Transcriptome profiling analysis reveals that CXCL2 is involved in anlotinib resistance in human lung cancer cells
Anlotinib has been demonstrated its anti-tumor efficacy on non-small cell lung cancer (NSCLC) in clinical trials at 3rd line. However, anlotinib resistance occurs during its administration, and the underlying mechanism is still unclear.
Anlotinib resistant lung cancer cell line NCI-H1975 was established in vitro. Toxicologic effects undergoing anlotinib stress were observed upon NCI-H1975 cells and anlotinib resistant NCI-H1975 cells, respectively. Transcriptome profiling was performed to screen anlotinib resistance-associated genes between NCI-H1975 cells and anlotinib resistant NCI-H1975 cells. Functional assays were performed to examine the correlations between CXCL2 gene expression and anlotinib resistance.
We found anlotinib inhibits cell proliferation and cell viability in NCI-1975 cells, whereas it attenuates these activities in anlotinib resistant NCI-H1975 cells. Transcriptome profiling analysis identified 769 anlotinib-responsive genes enriched in the biological processes of microtubule-based process, cytoskeleton organization, and wound healing. Furthermore, we found 127 genes are associated with anlotinib resistance. In particular, we demonstrated that CXCL2 contributes to anlotinib resistance in NCI-H1975 cells.
This study suggested that CXCL2 is involved in anlotinib resistance in NCI-H1975 cells and provided an insight for understanding the resistant mechanism of anlotinib.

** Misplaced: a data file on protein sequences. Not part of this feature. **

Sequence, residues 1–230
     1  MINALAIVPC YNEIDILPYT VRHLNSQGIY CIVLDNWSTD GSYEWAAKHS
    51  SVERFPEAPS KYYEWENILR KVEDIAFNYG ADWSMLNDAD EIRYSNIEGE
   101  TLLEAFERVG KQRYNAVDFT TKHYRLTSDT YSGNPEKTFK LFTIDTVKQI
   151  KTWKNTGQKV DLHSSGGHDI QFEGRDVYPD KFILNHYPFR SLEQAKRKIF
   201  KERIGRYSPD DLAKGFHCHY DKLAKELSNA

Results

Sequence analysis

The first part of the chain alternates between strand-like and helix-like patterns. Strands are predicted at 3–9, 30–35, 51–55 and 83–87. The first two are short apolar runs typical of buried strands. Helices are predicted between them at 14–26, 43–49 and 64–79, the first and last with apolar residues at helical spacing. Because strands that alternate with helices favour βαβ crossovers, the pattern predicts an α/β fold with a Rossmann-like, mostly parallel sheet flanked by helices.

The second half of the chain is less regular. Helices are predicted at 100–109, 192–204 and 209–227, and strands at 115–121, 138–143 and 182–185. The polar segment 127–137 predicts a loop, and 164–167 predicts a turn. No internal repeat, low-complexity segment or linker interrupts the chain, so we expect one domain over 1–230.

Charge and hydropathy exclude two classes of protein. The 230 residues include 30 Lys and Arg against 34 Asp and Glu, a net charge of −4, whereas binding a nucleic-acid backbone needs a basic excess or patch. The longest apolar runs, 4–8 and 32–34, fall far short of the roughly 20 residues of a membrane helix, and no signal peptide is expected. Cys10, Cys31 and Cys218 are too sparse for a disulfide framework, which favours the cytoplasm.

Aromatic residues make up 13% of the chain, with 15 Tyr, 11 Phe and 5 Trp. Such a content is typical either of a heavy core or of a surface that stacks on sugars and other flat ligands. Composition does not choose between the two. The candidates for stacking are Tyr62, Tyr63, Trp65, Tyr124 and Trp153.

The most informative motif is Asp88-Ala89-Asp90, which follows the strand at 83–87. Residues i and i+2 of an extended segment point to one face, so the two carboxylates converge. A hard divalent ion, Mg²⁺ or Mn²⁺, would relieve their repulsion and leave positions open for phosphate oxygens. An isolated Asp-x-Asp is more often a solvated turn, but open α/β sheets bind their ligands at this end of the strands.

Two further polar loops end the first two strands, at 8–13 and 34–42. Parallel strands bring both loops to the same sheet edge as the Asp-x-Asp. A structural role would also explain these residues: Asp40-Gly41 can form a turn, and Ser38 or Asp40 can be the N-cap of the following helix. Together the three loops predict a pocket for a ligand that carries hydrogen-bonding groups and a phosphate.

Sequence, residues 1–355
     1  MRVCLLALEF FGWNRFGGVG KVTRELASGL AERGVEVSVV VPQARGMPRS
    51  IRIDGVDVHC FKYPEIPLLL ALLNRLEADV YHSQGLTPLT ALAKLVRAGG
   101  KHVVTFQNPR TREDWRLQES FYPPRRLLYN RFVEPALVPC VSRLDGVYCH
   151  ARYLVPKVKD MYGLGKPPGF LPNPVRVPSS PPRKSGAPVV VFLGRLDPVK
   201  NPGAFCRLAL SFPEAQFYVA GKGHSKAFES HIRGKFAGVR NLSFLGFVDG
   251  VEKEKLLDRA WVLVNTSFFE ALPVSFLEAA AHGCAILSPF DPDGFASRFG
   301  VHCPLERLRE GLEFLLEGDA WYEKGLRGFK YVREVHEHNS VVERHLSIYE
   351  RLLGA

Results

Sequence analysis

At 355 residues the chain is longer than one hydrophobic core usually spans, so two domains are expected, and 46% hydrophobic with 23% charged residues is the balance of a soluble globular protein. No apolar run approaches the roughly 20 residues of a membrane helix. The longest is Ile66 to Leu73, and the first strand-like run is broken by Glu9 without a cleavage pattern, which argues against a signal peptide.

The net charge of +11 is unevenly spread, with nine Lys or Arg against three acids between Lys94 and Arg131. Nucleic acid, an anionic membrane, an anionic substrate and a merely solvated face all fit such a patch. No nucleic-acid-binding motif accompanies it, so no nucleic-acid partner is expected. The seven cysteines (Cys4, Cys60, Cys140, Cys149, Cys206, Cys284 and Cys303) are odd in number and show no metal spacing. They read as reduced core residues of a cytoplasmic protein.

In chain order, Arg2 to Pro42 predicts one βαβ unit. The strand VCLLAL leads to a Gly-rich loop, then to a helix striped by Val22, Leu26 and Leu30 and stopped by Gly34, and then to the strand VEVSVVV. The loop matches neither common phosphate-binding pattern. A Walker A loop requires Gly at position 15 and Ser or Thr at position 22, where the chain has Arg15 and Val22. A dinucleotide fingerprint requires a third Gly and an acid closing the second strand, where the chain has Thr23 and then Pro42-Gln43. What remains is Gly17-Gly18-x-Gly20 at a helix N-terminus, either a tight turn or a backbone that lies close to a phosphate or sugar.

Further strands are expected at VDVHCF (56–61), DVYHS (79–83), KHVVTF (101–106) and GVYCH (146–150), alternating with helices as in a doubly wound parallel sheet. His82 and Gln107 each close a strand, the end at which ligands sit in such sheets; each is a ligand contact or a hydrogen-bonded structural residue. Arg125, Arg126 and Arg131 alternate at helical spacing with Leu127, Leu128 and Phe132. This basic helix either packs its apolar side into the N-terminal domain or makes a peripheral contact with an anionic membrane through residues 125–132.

KeywordsAnlotinib Drug resistance CXCL2 Non-Small Cell Lung Cancer Transcriptome
C-X-C Motif Chemokine Ligand 2
Database for Annotation, Visualization and Integrated Discovery
Epidermal Growth Factor Receptor
Kyoto Encyclopedia of Genes and Genomes
National Comprehensive Cancer Network
Non-Small Cell Lung Cancer
Platelet-derived Growth Factor Receptor; FGFR
Fibroblast Growth Factor Receptor
Progression Free Survival
Reads per Kilo-base of Transcript per Million
Tyrosine Kinase Receptor Inhibitor
Vascular Endothelial Growth Factor Receptor 2
Lung cancer is one of the most malignant cancers, and the non-small cell lung cancer (NSCLC) accounts for 80–85% of all lung cancer cases [1, 2, 3]. According to National Comprehensive Cancer Network (NCCN) guideline, the regimes of 1st line and 2nd line therapy bring great survival benefit for NSCLC patients, while the regimes of 3rd line therapy have not been available so far [4, 5]. Anlotinib is an oral multi-targeted tyrosine kinase receptor inhibitor (TKI) . Previous studies demonstrated that anlotinib inhibits proliferation and induces apoptosis of tumor cells via selectively inhibiting VEGFR (2/3), FGFR (1–4), and PDGFR (α/β) [7, 8]. Clinical trials have indicated anlotinib prolongs progression free survival (PFS) and overall survival (OS) of NSCLC patients significantly at 3rd line [9, 10, 11]. However, the median PFS of 5.37 months suggests anlotinib resistance occurred at later stage.
Investigating the mechanisms of anti-tumor drug resistance will improve the therapeutic efficiency or promote novel agent discovery. Previous studies have showed the NSCLC patients harboring EGFR positive mutations (L858R or 19 Del) acquired drug resistance with median PFS of about 10 months when they were treated with the first generation TKIs (Gefitinib, Erlotinib and Icotinib) [12, 13, 14, 15]. More studies revealed that T790 M mutation and other gene over-expression account for the majority [12, 16, 17]. Based on these findings, scientists have found the 3rd generation TKI AZD9291 is effectively for the patients harboring T790 M mutation [18, 19, 20]. Investigating the resistant mechanism of anlotinib, a 3rd line TKI, will be helpful to formulate the anlotinib-based therapeutic regime, and prolong PFS of NSCLC patients. In this study, we generated anlotinib resistant human lung cancer cell line NCI-H1975 in vitro, performed transcriptome analysis in NCI-H1975 cells and anlotinib resistant NCI-H1975 cells, and their anlotinib-treated counterpart with the aim to understand the mechanisms of anlotinib resistance.